With the Reagan-inspired government retreat from its watchdog responsibilities, we now find another tragic example of business run amok: the Harvard child psychiatrist responsible for a 40-fold increase in the diagnosis of bipolar disorders and the prescribing of powerful antipsychotic medicines has been on the take.
Thanks to Senator Grassley, one of the few sane Republicans in Congress, who's snooping around has discovered a gross violation of protocol for university researchers.
In a telling paragraph, the New York Times writes:
In the last 25 years, drug and device makers have displaced the federal government as the primary source of research financing, and industry support is vital to many university research programs. But as corporate research executives recruit the brightest scientists, their brethren in marketing departments have discovered that some of these same scientists can be terrific pitchmen.
Though Dr. Biederman defends his scientific integrity, and he may well be a researcher of great integrity, the whole things smells. Money talks, as we all know, and it's a rare person who can avoid the terrible influences of money.
What belies Dr. Biederman's claim is that none of this income was reported for years, and only under the watchful eye of Senator Grassley has this come to light. At least 1.6 million has been put into Dr. Biederman's pockets; other researchers received similar amounts.
In another critical paragraph, the Times writes:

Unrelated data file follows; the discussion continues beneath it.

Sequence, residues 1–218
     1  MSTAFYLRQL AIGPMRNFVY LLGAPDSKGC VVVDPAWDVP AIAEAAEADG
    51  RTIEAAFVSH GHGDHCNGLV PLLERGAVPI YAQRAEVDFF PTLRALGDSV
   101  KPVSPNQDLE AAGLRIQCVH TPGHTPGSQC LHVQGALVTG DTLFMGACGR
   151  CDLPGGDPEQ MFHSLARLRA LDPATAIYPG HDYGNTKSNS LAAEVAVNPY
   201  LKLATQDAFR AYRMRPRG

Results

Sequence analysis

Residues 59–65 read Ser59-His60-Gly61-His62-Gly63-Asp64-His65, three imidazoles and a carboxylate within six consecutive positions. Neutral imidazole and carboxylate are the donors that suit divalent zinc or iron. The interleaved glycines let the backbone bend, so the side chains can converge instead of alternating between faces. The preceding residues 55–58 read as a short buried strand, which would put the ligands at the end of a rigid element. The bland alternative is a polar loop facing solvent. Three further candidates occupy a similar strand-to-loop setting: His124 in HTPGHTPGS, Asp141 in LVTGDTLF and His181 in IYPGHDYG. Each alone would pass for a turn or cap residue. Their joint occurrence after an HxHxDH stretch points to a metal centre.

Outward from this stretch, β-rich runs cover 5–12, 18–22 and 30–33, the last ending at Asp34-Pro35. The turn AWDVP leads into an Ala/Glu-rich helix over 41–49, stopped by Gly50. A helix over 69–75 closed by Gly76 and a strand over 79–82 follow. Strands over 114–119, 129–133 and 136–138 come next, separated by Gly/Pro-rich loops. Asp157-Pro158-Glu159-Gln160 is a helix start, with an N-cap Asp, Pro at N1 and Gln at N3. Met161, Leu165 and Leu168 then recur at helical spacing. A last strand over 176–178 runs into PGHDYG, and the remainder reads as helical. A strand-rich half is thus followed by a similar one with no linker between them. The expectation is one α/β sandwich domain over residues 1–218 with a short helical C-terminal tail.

Doctors have known for years that antipsychotic drugs, sometimes called major tranquilizers, can quickly subdue children. But youngsters appear to be especially susceptible to the weight gain and metabolic problems caused by the drugs, and it is far from clear that the medications improve children’s lives over time, experts say.
In other words, no one knows if this stuff really works.
There may well be issues for children, but I suspect other causes - like the thousands of untested compounds flooding the food chain and tainting our air and water.
Part of the solution is likely to be found in cleaning up our environment and eliminating the junk in our food and drink.
Perhaps laws weren't broken by Dr. Biederman - although that remains to be seen - but questions about integrity and honesty are now before us.
I'm no starry-eyed dreamer, but I know that we have to recover the positive role of government to work in partnership with business and education. Of the three, government is in the best position to ask critical questions about funding and oversight, and perhaps someday soon we may see our large universities regain some of their integrity (by the way, how about Japanese gang lords getting liver transplants at UCLA?).
Thanks to Reagan-inspired economics, we deluded ourselves into thinking that big business was our best friend and could be trusted to deliver quality of life for us, while monitoring its own ethics. Ya sure, youbetcha!
If you believe that, I've got a bridge in Brooklyn you might be interested in.
Hats off to Senator Grassley.